viewPropanc Biopharma, Inc.

Propanc looks to history to capitalize on glimmering angle in cancer treatment


The company’s cancer treatment is based on work undertaken by John Beard, a professor of embryology at Edinburgh University nearly 100 years ago

cancerous cells

Quick facts: Propanc Biopharma, Inc.

Price: - -

Market: OTCQB
Market Cap: -
  • Propanc Biopharma's flagship cancer treatment is based on work undertaken 100 years ago by a professor of embryology at Edinburgh University
  • Beard proposed that pancreatic enzymes represent the body's primary defense against cancer and are useful as a treatment for the disease
  • Lead drug candidate PRP is a mix of proenzymes that targets solid cancerous tumors
  • On the cusp of beginning its first trial for PRP in humans in 2020

What Propanc Biopharma does:

Set up in 2007, Propanc Biopharma Inc (OTCQB:PPCB) is a biopharmaceutical company developing new cancer treatments initially for patients suffering from pancreatic, ovarian and colorectal cancers.

The company’s cancer treatment is based on work undertaken by John Beard, a professor of embryology at Edinburgh University nearly 100 years ago, that uses fresh pancreatic enzyme extracts.

Professor Beard proposed that the pancreatic enzymes represent the body’s primary defense against cancer and are useful as a cancer treatment.

In the last 10 years, Propanc has uncovered evidence to suggest that pancreatic enzymes basically assist with cell-to-cell contact and communication and can be used to halt the spread of cancer.

The company’s lead product PRP - which is not an acronym - is a formula consisting of two proenzymes mixed in a ratio that targets solid tumors.

After extensive research in the lab and limited human testing, Propanc has produced evidence that PRP reduces cancer cell growth and may suppress the progression of cancer when it turns metastatic. It has also been found to have no serious side effects.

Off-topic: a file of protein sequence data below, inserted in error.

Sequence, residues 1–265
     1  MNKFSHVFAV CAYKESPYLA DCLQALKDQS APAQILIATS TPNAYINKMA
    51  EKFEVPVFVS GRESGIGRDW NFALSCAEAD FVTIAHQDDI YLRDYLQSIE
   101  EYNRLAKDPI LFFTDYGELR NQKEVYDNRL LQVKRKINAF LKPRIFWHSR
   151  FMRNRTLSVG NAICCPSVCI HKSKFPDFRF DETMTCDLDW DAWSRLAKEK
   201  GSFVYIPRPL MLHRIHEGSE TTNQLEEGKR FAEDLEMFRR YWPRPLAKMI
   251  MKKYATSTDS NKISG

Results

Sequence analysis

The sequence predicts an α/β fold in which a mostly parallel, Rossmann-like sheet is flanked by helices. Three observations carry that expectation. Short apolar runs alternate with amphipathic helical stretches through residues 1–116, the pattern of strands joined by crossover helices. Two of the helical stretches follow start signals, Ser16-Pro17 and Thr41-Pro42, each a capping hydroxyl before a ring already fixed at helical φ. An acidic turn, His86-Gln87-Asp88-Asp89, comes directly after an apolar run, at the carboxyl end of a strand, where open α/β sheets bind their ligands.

It is thought that PRP can be used for the early-stage management of solid tumors as well as for long-term therapy following other standard cancer treatments.

How is it doing:

Propanc is right on the cusp of commencing its first trial for PRP in humans. It has completed pre-clinical trials and proved PRP’s usefulness in animal studies.

The first trial is likely to take place in its home town of Melbourne, Australia. Why? Because cancer researchers there have expressed an interest in the study and the Australian government provides hefty tax incentives for medical research.

In its biggest achievement to date, under a compassionate use program, PRP was delivered to more than 40 patients suffering from advanced cancer in the UK and Australia who had failed conventional treatment. Nineteen of these very late-stage cancer patients either doubled or quadrupled their life expectancy after taking the therapy. Their average survival rate improved to nine months compared to a prognosis of about 5.6 months.  

Propanc has also won an orphan drug designation for PRP from the US Food and Drug Administration for its treatment of pancreatic cancer.

On August 8, the company announced it had successfully developed a method to quantify PRP’s active ingredients, a crucial step in developing the drug at scale and determining dosing. Its completion allows Propanc to move forward in discussions with potential sites for its clinical trial, which the company expects to launch in early 2020.

Listed on the OTCQB since 2011 and domiciled in Delaware, USA, the Australian company - which had a market-cap of nearly $1.3 million as at 7 August 2019 - now raises most of its money via hedge funds and other institutional investors.

What the boss says:

Propanc CEO James Nathanielsz said: “What our therapy does it induces what’s called cell differentiation on cancer stem cells. What this is is a fancy term for forcing these malignant cells to express proteins that they normally wouldn’t which pushes them back towards becoming a normal cell, rendering them benign.

“It’s not directly killing the cancer cell per say but as a result of exposure to our drug product, it’s rendering them inactive and they die naturally.”

Contact Andrew Kessel at [email protected] 

Follow him on Twitter @andrew_kessel

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